Oat Milk Use on cold cereals for breakfast
Coconut Milk Cheese Use for sandwiches, quesadillas, or melt it down for a cheesy sauce (I’ve found great prices on coconut milk and agar powder at Asian markets)
Veggie Lunch Meat For school lunches, or a great addition to hummus wraps
Crusty Bread Great with soup – or for a special treat, spread with peanut butter when the bread is fresh from the oven
Banana Chocolate Ice Cream

There’s always my guide to Ordering Vegan at Taco Bell if you’re in a pinch 🙂

I also recommend buying a giant bag of potatoes and baking a dozen or so at a time. Keep the potatoes in the fridge so they’re ready when you need something quick. You can nuke them in the microwave, and they’ll be great topped with a tahini sauce (or margarine/olive oil on an oil day).

Chia Pudding!
You can also make an interesting treat with chia seeds. If you make the sweetened version of the oat milk with vanilla, combine 1 1/4 C oat milk with 1/4 chia seeds and let it set in the fridge for 30 minutes. Stir again and let sit another 1 1/2 hours and you will have a delicious pudding. Make it banana flavored simply by adding some mashed banana.

Of course I’ll be sharing recipes with you during the next few weeks, and doing my regular What I Ate Wednesday posts. If you want to take a look at past WIAW posts, be sure to check out What Vegans Eat.

And as always, post any comments or questions and I’ll do my best to help!

Happy Fasting!!!!

St. Demetrios Cake

Myrrh Streaming Relics of St. Demetrios of Thessaloniki
The holy, glorious and right-victorious Great-Martyr Demetrios of Thessaloniki, whose memory we commemorate on October 26, is one of the most popular Orthodox saints, and a myrrh-streamer. He is special to me because I venerated his relics in Agios Demetrios Church in Thessaloniki, and later was gifted with some of the sweet-smelling myrrh that streams from those relics. I keep the myrrh in a little pouch in my purse – which, by the way, makes everything in my purse smell wonderful – in case an emergency anointing is ever necessary. You just never know.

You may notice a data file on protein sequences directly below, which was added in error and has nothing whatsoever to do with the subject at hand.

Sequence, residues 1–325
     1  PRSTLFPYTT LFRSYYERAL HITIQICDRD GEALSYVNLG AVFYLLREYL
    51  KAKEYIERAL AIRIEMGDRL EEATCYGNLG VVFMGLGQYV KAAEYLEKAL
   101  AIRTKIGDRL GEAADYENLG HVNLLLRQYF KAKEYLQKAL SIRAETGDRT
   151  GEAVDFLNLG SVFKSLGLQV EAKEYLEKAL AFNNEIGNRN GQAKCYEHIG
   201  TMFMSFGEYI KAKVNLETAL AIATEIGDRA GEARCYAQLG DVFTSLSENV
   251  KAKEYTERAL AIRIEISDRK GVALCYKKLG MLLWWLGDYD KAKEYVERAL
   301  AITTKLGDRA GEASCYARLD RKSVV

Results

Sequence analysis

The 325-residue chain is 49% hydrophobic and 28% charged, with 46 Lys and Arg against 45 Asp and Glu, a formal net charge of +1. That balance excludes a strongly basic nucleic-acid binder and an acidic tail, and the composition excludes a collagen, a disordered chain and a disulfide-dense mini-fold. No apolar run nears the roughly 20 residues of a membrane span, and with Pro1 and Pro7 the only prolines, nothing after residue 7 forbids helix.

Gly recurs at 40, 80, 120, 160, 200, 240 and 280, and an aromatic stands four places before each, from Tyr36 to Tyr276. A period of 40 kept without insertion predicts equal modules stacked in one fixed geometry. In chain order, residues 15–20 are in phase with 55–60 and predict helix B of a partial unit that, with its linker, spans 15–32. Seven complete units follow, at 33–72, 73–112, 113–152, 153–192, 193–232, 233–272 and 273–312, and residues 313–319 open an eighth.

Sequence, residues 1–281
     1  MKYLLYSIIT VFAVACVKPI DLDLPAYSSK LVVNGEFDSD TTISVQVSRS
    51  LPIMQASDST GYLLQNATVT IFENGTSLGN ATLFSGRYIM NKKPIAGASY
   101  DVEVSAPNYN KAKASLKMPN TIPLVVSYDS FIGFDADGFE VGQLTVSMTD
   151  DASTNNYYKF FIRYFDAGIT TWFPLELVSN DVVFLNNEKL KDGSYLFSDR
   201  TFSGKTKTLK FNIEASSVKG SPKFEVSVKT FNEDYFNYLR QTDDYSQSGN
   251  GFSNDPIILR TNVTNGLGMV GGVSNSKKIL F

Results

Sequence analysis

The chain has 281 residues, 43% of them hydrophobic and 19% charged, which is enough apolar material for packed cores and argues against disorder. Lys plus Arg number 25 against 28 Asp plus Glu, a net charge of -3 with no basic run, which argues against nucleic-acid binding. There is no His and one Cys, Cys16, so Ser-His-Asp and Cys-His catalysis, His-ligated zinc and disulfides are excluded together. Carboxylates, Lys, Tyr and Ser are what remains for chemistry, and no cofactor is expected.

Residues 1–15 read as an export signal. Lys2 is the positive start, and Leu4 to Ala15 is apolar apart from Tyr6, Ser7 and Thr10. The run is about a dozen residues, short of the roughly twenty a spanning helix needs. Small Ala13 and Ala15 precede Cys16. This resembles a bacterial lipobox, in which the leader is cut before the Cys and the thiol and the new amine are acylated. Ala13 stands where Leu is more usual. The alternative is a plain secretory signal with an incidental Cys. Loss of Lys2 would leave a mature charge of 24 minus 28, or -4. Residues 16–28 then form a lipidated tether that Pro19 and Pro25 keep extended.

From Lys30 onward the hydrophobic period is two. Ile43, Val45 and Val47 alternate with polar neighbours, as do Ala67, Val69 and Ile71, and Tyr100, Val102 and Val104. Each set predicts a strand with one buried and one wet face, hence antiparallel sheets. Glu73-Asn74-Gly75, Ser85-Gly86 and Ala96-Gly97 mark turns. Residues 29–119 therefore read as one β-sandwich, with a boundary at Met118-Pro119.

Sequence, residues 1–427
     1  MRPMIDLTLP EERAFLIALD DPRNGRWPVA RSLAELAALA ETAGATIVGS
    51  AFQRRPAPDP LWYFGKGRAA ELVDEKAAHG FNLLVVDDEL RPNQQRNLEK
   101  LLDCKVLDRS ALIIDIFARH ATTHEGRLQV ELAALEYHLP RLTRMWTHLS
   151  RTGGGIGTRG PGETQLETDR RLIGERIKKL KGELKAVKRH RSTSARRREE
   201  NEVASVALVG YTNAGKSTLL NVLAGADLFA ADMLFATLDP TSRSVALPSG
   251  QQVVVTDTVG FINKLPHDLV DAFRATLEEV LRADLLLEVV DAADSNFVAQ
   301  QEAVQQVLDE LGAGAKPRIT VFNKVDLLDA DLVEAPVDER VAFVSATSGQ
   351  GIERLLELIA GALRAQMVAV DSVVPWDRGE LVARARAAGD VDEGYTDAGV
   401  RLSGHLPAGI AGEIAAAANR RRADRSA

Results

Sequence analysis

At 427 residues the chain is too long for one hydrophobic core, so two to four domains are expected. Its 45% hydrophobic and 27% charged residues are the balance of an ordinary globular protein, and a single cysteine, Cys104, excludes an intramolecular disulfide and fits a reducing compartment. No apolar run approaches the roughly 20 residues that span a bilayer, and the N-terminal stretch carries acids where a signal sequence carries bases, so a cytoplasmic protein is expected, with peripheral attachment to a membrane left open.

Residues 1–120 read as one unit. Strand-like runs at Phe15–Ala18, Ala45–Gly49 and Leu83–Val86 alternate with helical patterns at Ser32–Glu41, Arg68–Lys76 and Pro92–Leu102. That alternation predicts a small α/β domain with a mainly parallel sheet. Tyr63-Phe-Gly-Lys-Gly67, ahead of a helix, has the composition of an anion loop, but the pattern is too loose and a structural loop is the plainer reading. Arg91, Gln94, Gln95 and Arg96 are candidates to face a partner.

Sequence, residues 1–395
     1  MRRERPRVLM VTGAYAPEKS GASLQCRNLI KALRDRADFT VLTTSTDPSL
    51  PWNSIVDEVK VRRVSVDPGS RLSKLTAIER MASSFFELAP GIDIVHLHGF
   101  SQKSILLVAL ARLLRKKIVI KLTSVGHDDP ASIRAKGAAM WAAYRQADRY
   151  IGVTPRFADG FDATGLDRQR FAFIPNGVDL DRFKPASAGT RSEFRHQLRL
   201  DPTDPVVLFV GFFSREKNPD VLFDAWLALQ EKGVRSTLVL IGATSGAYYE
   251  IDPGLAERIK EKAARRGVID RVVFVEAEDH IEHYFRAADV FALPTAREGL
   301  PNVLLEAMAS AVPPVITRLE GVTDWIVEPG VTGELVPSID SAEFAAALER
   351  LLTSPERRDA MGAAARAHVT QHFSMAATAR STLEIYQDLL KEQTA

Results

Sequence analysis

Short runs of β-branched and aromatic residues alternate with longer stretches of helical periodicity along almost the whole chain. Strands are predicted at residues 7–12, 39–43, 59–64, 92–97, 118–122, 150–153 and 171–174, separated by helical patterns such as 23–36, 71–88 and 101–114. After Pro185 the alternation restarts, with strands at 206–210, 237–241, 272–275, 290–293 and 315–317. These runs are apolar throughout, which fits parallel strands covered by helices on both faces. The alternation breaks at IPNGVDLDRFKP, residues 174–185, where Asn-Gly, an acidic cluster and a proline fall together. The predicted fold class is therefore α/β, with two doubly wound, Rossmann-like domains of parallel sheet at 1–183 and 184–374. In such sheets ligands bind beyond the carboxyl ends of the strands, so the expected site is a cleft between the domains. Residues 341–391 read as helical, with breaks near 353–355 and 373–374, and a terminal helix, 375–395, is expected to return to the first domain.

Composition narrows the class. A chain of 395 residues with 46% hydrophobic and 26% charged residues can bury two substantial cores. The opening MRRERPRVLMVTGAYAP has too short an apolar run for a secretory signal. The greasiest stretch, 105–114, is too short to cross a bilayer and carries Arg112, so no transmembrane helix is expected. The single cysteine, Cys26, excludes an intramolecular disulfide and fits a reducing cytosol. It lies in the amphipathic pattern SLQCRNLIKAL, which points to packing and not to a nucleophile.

St. Demetrios Cake | Orthodox and Vegan
Well, since we have Phanouropita for St. Phanourios, I thought it would be nice to have a special cake for St. Demetrios. I’m not sure if it’s proper to call it a Demetriopita, so we’ll just call it St. Demetrius Cake 🙂 I created this recipe for the Feast Day of St. Demetrios, but like Phanouropita, I think it would be nice to make any time of year when you’re asking for special intercessions from St. Demetrios, or when there’s been a miracle through his prayers or through anointing with his myrrh oil.

I’ve adapted a recipe for olive oil cake since St. Demetrios is a myrrh streamer. The blueberries I like because, besides tasting wonderful, St. Demetrios is a Great Martyr and the purple color reminds me of the line from the apolytikion for All Saints, “Adorned with the blood of Thy Martyrs throughout all the world as in purple and fine linen. . .” The cinnamon is very faint, just enough to give this simple Lenten cake a little warmth and depth. Feel free to double the amount if you really love cinnamon.

A couple notes about the St. Demetrios cake: